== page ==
Family Magazine

Getting What You Need, and Getting off the Dock

By Behan Gifford @sailingtotem

Another pretty beach

This is the goal: an anchorage in tropical paradise. Tuamotus, French Polynesia

Anchored in clear turquoise waters of an idyllic atoll in the Tuamotus, we met a young Dutch family on a sabbatical cruise from Europe to Australia. Their home was a proven blue water boat which carried the couple and their  growing family across two oceans. Their two year journey held the common cruising mix of friends, adventures, and routine maintenance- along with the less typical “cruise baby” addition.
In Australia the boat was sold to an enthusiastic couple, eager to begin their retirement with dreams of cruising the world. No surveyor can be an expert in every field, but the prior owner’s disclosure that the engine was in need of servicing might have suggested a closer look by a trained professional to evaluate requirements.
Not long after the deal closed, the engine quit as the new owners backed out of the slip for the first time, and they had to be ferried back to the marina by neighbors on the dock. Engine repairs were hired out but additional recommendations went neglected. At the same time, they embarked on a number of concurrent projects to adapt the boat to their desires: discretionary work ranging from plumbing upgrades to new canvas – and all hired out. A few months later, a trip up the coast to a sleepy harbor illuminated further engine issues that couldn't be ignored. In a matter of months, with ongoing engine repairs, their cruising funds were so severely depleted that they abandoned their intention to depart for lower latitudes and instead went job hunting in one of the most expensive cities in the world, their cruising adventures reached just 50 miles from the slip.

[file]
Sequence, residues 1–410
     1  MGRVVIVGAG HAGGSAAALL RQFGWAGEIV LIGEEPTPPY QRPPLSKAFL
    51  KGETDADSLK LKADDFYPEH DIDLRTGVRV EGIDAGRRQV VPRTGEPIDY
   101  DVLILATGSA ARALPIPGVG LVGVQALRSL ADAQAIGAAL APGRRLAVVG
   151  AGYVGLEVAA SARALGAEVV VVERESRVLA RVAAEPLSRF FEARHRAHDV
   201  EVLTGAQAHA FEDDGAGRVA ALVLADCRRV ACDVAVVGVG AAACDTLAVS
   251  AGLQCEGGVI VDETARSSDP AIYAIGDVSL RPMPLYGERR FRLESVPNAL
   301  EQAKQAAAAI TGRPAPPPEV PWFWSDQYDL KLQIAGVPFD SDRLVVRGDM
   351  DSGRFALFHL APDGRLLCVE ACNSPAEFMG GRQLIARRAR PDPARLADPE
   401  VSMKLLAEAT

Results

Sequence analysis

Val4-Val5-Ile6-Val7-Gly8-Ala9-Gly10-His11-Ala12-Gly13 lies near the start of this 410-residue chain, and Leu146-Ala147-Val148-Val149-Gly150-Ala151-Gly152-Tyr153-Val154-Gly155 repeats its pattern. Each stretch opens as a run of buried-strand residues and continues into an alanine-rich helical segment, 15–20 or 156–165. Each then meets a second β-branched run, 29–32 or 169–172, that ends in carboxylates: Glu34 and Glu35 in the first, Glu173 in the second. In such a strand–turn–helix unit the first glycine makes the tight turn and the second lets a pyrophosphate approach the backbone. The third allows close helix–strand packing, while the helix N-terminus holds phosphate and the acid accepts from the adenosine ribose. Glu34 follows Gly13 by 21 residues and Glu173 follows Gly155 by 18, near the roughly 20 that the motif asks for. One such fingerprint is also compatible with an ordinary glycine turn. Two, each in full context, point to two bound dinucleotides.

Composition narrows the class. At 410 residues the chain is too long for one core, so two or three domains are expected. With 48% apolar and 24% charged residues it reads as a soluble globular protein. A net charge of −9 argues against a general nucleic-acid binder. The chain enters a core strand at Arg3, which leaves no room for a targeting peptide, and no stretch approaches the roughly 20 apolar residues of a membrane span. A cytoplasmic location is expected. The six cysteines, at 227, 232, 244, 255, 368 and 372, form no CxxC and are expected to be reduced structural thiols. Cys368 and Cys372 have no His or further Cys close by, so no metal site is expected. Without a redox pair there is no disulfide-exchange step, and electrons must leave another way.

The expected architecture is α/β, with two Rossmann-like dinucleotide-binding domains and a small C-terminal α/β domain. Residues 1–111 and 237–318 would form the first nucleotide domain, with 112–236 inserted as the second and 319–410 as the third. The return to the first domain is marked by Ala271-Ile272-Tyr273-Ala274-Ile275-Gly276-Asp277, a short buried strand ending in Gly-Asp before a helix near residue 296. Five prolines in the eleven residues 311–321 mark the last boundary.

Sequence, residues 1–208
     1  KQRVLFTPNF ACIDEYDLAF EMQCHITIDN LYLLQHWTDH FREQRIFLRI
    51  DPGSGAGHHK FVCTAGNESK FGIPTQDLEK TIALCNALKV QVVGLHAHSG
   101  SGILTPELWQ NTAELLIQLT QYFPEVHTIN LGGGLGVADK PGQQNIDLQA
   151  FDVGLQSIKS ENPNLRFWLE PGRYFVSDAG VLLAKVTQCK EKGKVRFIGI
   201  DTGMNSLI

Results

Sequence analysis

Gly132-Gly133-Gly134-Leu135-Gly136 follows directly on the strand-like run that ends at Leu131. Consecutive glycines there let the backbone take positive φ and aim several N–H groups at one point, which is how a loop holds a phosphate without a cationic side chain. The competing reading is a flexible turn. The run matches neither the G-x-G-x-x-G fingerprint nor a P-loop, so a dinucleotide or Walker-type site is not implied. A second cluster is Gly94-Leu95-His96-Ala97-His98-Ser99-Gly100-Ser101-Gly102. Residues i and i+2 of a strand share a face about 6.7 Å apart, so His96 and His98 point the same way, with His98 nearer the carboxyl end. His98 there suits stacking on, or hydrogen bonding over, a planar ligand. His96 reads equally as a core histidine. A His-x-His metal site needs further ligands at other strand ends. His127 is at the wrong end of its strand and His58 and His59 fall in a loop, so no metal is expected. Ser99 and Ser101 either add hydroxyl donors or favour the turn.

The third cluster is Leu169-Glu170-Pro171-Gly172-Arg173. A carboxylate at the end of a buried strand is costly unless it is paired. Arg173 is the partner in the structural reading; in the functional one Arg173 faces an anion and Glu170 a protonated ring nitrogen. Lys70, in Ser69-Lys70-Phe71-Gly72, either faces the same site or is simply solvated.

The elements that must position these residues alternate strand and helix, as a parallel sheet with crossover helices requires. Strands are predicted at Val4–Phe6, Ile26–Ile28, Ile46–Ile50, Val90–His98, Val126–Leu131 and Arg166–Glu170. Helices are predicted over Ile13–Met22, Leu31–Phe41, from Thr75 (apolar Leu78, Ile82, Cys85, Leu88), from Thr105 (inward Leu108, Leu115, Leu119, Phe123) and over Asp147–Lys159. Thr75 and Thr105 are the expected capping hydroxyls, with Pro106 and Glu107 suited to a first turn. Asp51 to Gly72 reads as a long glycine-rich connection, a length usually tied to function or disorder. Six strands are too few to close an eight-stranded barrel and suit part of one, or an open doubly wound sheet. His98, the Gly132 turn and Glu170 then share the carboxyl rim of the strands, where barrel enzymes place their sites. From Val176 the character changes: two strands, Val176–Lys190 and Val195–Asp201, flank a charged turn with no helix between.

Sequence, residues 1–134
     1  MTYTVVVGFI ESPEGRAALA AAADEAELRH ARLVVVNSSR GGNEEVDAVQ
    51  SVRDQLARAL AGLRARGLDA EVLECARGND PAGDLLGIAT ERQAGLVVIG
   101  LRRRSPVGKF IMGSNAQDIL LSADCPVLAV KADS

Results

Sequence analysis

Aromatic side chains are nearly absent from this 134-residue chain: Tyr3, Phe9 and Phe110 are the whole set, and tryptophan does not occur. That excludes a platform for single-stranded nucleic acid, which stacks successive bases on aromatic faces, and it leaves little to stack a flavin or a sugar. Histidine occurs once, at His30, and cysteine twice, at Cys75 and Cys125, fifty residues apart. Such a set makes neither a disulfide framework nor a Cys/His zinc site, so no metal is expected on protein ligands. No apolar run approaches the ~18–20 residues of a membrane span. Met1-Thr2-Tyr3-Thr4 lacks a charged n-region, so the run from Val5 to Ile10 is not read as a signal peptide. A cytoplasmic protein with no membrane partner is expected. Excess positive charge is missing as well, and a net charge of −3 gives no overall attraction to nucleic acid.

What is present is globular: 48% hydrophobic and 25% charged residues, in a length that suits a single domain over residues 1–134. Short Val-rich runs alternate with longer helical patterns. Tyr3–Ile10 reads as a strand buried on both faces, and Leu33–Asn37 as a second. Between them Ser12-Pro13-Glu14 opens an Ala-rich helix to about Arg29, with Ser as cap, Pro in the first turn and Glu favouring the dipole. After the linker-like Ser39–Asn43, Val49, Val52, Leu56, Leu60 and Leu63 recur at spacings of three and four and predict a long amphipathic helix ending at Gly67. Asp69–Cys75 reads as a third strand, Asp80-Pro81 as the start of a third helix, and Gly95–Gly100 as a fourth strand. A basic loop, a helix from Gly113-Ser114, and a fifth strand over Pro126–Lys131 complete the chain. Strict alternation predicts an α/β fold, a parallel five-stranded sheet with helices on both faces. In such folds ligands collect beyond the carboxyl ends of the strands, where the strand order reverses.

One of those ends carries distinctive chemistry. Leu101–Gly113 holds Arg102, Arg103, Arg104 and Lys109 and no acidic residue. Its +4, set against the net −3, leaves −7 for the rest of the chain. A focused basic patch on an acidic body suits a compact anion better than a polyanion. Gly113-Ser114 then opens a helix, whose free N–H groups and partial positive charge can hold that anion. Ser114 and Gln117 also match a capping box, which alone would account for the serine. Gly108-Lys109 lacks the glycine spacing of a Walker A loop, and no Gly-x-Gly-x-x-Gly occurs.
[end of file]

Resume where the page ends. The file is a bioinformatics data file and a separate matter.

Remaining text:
It’s a common experience to hemorrhage money during the lead up to cruising. The term BOAT bucks (Bring Out Another Thousand) was doubtless coined through the chagrined repetition of wallet fatigue by many a boater. Weekend and vacation cruisers in Puget Sound are just as susceptible as cruisers: Jamie and I had a habit of loading up with “essential” purchases during the weeks before a big summer vacation cruise in the Salish Sea. In hindsight, few of those were necessary. The perspective of what’s important changes once you’re able to get off the dock and get comfortable with your own boating style- not someone else’s style, not the one you read about in a magazine or a book, but yours. Then very carefully wash that wish list of things you’d like to do against the list of things you need to do. Remember that many cruisers have purchases they would take back in favor of having that cash in the bank to feed further adventures instead.
Another one of our mates in Sydney was preparing to cruise up to Indonesia and spend time island hopping in Southeast Asia. Articles about unsurveyed areas and murky water around river outflows and illuminated the risk of going aground convinced him that side-scan sonar was essential gear for safe anchoring. A cursory look at his boat’s standing rigging suggested there were more fundamental needs to address. After a few BBQs spent convincing them of real priorities, the boat now has a dependable rig; and they are putting miles under the keel before deciding wither it’s worth investing months of cruising expenses to add a sonar as well.